Item: Frito Lay Mountain Dew Corn Snack (Mountain Dew Cheetos) Purchased Price: $4.50 Size: 35 grams Purchased at: eBay Rating: 5 out of 10 Pros: Lemons. Sour blasts. Spaceships. Cons: Wrong color. Too much lemon to be Mountain Dew. Lingering aftertaste. Lack of fizz.
Last summer, Pepsi in Japan introduced the very limited edition Pepsi Ice Cucumber, which sold out in less than a month and helped Japan maintain their title of Country Most Likely Not To Use Focus Groups. This summer, they gave the finger to focus groups again and released the limited-edition, Japan-only, Pepsi Blue Hawaii.
The beverage is based on the Blue Hawaii cocktail, which is made of rum, pineapple juice, blue Curacao, sweet and sour mix, and sometimes vodka. Despite living in Hawaii and being of drinking age for the past decade, I have yet to consume a Blue Hawaii, because I’m allergic to cocktail umbrellas and drinks that make me look like a drunk sorority girl ready to flash her boobs when a video camera and Joe Francis come by.
The color of the Pepsi Blue Hawaii could best be described as Smurf-like, which makes sense since the idea of the Pepsi Blue Hawaii made me feel the same way I feel about the future Smurfs movie — it’s probably going to suck, but it has a certain allure to it that tickles my smurfs. After tasting it, I have to say that the Pepsi Blue Hawaii isn’t so smurftastic, but it is just a little smurfy.
The pineapple and lemon flavor combination was really smurfing sweet and artificial, especially the pineapple. I really didn’t enjoy it at first, but just like my experience with the Pepsi Ice Cucumber, I got used to its flavor and somewhat enjoyed it. I think its fruity flavor would make it a smurftastic mixer if you want to get totally smurfed off of something blue and can get your hands on some Pepsi Blue Hawaii.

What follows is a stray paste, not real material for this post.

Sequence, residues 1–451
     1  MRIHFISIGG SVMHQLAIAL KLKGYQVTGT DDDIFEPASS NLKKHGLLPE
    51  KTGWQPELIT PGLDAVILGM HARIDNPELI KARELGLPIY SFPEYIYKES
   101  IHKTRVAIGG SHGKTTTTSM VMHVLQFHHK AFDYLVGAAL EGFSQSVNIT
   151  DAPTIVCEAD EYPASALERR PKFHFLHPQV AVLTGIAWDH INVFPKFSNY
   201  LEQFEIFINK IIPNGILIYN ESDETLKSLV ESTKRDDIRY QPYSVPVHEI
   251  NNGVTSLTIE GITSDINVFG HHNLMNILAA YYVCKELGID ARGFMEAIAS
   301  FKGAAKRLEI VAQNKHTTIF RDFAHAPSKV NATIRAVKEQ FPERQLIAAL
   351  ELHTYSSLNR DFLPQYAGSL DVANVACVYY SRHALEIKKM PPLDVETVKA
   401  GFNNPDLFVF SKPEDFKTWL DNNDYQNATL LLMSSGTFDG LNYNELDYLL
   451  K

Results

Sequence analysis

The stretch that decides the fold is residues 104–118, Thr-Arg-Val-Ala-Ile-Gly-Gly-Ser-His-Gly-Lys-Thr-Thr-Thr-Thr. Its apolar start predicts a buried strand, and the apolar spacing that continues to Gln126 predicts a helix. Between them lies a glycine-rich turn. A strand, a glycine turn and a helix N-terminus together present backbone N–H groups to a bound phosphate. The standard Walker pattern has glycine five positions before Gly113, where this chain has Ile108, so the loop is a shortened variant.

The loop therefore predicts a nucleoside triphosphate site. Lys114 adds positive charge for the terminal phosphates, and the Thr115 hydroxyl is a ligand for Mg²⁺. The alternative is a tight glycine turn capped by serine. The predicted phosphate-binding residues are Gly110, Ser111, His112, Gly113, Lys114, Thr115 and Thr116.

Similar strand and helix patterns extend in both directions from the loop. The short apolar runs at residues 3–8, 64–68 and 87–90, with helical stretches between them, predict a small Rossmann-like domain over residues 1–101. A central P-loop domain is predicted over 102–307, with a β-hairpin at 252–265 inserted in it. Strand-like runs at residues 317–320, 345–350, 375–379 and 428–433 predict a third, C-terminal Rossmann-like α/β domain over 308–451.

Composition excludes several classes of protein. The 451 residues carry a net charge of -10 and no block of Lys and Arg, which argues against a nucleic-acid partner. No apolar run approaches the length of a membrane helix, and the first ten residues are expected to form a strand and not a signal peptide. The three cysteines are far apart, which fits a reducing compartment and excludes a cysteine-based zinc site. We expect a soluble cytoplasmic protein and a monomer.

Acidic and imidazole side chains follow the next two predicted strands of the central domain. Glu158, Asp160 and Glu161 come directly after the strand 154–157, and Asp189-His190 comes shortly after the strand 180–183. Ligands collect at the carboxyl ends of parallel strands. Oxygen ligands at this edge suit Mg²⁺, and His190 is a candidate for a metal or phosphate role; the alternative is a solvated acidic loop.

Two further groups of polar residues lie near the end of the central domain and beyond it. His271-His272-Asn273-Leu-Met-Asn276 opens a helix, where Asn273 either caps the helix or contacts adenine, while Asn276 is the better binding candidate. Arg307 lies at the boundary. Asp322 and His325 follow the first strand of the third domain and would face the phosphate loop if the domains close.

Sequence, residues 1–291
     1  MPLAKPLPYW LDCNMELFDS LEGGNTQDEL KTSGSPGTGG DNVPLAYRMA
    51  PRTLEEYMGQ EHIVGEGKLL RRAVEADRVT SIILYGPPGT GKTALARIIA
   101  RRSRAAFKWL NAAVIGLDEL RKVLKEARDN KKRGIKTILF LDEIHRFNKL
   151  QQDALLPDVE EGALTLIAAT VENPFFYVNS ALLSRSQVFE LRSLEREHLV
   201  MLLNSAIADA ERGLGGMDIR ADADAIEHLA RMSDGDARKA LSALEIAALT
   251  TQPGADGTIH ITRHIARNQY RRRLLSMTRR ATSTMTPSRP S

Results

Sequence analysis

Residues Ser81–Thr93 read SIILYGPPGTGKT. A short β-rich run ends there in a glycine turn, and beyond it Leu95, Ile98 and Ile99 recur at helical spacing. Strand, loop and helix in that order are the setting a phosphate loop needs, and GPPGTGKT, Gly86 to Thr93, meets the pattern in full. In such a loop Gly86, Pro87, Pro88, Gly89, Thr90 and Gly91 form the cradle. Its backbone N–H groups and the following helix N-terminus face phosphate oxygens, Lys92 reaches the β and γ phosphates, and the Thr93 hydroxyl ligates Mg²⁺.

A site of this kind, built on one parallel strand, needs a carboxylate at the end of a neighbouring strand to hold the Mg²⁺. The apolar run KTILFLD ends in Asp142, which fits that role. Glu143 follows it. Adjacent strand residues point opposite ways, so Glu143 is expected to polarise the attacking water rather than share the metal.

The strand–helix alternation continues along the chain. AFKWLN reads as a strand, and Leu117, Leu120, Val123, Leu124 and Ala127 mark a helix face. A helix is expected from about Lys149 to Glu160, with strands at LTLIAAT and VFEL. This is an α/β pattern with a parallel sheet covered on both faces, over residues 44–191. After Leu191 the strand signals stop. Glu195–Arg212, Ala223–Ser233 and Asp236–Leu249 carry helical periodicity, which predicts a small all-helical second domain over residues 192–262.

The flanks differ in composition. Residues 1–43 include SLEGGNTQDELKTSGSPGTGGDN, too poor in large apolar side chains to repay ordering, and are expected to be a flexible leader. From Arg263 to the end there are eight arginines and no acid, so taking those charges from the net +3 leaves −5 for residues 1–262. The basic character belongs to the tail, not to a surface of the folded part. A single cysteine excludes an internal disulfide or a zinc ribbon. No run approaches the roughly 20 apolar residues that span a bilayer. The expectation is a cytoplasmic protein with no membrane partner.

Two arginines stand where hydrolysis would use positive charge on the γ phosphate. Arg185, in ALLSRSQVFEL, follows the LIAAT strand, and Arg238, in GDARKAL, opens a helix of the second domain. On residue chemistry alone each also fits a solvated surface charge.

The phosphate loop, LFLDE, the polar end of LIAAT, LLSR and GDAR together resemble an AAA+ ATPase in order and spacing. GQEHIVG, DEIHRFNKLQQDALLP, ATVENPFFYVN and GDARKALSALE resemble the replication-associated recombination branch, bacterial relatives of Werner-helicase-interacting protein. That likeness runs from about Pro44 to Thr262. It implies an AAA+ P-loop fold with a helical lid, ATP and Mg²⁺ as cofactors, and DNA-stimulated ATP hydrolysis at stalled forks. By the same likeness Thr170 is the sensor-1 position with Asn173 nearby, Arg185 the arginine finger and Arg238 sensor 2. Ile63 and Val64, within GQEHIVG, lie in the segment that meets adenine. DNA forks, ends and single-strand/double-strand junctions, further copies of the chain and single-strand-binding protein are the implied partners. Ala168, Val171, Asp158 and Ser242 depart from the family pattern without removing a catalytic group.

I’m not sure what the smurf is so mutha smurfing appealing to my taste buds with the Pepsi Blue Hawaii, but for some smurfing reason, companies in Japan seem to know how to make smurfing products that sound and look unsmurfy, but in the end, turn out to be kind of smurfy. So I look forward to a new mutha smurfing flavor next summer from Pepsi in Japan. My money is on Pepsi Ice Carrot or Cherry Blossom Pepsi.
(Editor’s Note: TIB would like to thank reader Fury for sending a bottle of Pepsi Blue Hawaii from Japan, along with a bunch of other goodies to review. Domo arigato gozaimasu!)
Item: Pepsi Blue Hawaii Price: FREE (only available in Japan) Purchased at: Received from TIB reader Fury Rating: 6 out of 10 Pros: Just a little smurfy. Comes in a Smurf color. After a few sips, I got used to the flavor and somewhat enjoyed it. Might make a good mixer. Using focus groups. Getting my smurfs tickled. Cons: Pineapple and lemon flavor was smurfing sweet and artificial. Didn’t like the flavor at first. Available only in Japan. Limited edition. Drinks that make me look like a drunk sorority girl. Cocktail umbrellas.